No one can be sure of the exact figures because Wibdeco UK, which likes to trade on the 'ethical' nature of its bananas, barely even admits to licence sales and won't talk figures. It also operates through a Byzantine network of UK and Jersey registered companies, one of which states in its accounts that details 'of our business activity is not provided as it would be prejudicial to the interests of the company'. Whatever it's doing, it's doing it very well, because in 2004 that company made nearly 9 million on a turnover of just under 40 million.

Yet Wibdeco UK pays only very limited amounts back to the islands - despite additional profits from the shipping, which it controls. The company does have some inherited problems, but insiders cite high 'administrative costs' and empire-building - Wibdeco is expanding its ripening facilities when there is already plenty of UK capacity.

And why the Jersey subsidiary? Wibdeco UK claims there are 'historic' reasons, but it is likely that some licence sales go through the offshore company. It's the type of secrecy and paranoia more suited to the arms trade than ethical trade. Wherever the money is going, not much of it gets back to the islands' farmers.

Another big beneficiary of the Fairtrade in bananas is the EU. Buy Fairtrade bananas from Latin America, for example, and the importer will either have to buy EU quota from the likes of Wibdeco or pay an EU tariff of up to 45p a kilo - exactly nine times the Fairtrade premium.

Then there is coffee, the biggest Fairtrade sector. On the face of it, the Fairtrade guaranteed price of 72p a pound for green, high quality arabica beans is worth only 3p extra per 227g pack to the farmer. Coffee prices, however, are notoriously volatile. The Fairtrade guaranteed price gives the growers stability and they pay on the nail. So a more realistic value would be 12p extra a pack - compared with premiums of 50p to 75p by the time the pack hits the shelves.

So how much is really being made out of Fairtrade coffee and by whom? Clue No. 1 is that coffee prices in the UK are already a good 30 per cent higher than on the Continent. So the answer is: a lot. UK coffee margins are on a caffeine high.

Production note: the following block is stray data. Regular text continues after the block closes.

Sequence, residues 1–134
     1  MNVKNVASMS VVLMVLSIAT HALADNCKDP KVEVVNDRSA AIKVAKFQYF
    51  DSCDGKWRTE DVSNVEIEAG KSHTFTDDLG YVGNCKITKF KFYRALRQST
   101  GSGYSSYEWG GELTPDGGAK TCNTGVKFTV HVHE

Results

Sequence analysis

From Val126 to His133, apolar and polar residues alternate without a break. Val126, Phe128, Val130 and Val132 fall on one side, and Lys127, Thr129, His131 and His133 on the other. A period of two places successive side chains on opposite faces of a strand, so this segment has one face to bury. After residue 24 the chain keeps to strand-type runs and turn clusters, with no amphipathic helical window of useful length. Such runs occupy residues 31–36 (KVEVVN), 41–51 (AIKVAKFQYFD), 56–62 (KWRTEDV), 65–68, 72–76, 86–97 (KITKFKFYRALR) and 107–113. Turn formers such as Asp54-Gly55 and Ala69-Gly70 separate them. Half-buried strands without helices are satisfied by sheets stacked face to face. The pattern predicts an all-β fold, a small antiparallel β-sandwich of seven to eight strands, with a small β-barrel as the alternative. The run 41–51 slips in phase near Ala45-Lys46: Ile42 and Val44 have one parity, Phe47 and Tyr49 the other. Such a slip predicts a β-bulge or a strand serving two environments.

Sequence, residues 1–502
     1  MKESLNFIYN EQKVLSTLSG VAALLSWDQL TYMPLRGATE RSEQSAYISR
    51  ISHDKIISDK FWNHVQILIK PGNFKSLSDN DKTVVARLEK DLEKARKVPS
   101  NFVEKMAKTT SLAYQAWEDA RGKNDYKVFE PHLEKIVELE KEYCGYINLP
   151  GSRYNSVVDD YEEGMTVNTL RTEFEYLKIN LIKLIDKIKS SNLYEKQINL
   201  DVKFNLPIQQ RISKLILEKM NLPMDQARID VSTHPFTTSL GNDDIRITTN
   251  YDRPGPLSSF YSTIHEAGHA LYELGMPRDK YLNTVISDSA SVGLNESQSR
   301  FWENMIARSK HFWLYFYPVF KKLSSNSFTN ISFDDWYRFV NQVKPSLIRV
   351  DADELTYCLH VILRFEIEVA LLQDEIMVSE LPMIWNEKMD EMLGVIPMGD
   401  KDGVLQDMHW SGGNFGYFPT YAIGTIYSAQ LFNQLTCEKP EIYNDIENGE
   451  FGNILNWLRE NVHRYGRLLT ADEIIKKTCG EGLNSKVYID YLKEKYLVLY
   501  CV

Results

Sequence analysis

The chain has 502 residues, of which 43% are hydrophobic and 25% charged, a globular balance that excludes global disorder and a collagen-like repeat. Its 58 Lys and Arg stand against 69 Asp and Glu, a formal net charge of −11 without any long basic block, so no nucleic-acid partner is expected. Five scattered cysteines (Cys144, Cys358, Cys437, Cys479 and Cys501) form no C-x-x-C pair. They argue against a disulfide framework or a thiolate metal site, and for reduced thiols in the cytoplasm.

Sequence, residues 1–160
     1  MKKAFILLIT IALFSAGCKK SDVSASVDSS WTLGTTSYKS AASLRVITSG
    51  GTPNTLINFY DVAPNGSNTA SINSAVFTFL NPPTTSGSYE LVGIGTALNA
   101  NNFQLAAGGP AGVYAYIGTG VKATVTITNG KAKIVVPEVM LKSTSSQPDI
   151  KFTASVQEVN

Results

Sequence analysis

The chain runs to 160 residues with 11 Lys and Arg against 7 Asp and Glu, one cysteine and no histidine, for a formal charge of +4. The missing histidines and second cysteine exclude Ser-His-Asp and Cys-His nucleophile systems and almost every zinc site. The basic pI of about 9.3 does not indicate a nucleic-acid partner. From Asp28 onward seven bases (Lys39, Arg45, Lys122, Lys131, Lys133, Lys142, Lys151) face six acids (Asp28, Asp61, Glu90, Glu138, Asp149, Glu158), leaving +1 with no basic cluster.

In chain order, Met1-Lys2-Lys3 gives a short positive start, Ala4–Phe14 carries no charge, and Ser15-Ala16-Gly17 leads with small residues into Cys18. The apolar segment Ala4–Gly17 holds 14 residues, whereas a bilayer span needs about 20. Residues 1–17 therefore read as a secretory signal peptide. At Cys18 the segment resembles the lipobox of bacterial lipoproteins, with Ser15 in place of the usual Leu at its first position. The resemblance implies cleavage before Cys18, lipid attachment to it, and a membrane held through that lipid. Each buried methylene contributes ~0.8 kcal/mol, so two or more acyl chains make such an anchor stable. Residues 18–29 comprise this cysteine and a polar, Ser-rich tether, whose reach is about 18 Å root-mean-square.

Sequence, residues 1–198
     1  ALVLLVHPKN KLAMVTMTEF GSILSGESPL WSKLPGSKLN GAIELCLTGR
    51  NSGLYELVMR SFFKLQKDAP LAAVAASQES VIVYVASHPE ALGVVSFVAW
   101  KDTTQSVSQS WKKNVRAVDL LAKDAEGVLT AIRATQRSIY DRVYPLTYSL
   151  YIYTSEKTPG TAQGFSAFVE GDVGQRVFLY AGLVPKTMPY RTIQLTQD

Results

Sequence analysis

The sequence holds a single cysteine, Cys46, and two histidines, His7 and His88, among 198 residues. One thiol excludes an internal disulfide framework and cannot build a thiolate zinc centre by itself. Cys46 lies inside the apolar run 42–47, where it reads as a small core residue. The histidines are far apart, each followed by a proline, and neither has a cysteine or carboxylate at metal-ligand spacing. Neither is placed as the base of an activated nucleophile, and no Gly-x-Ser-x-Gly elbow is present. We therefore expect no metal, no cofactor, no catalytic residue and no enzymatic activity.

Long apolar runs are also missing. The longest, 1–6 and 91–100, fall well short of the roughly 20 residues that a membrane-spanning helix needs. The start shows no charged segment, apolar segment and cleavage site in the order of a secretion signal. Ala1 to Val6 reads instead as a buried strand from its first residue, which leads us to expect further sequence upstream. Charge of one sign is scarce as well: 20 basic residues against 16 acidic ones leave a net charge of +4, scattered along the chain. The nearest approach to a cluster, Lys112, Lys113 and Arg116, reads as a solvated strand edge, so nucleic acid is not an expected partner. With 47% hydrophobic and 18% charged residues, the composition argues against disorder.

People in the coffee business don't like talking costs, but adding transport, roasting and packaging to the cost of the coffee itself makes about 50p for a 227g pack of good quality Fairtrade coffee. That means the supermarkets cannot be paying much more than 1 for own-brand and perhaps 1.25 for branded Fairtrade coffees such as Percol and Cafe Direct, giving Sainsbury's an estimated 160 per cent gross margin on its own-brand Fairtrade coffee for which it charges 2.49. That's more than it makes on regular own-brand - and, by the way, far more than Fairtrade coffee in far-from cheap Switzerland, where it is available at 1.50 for 250g.

Coffee is also the area where ethical business uncomfortably rubs up against the ethics of private business - and the profits made from Fairtrade coffee are another indication of the fat margins. Percol is one of the Fairtrade coffee pioneers, founded by Brian Chapman in 1988 with 'a vision to create an ethical brand'. It's probably not unfair to say that Percol would not be the brand it is without Fairtrade. Elbowing your way on to crowded supermarket shelves is a tough business. Being a pioneering Fairtrade brand could not have done Percol any harm - it now enjoys 10 per cent of the market for ground, packed coffee.

According to Mr. Chapman, growers and consumers both benefit from Fairtrade: 'It's a real win, win situation!' he gushes on the company website. Win, win, win, in fact, because Mr. Chapman has himself done very nicely out of his Fairtrade sales. Admittedly, last year was not the greatest for Brian Chapman - sales of his company, Food Brands Group Ltd, which owns Percol and in which he is the sole shareholder, fell a little. That meant he could pay himself only 283,000 in salary and dividends, compared with a tasty 1,186 million the year before.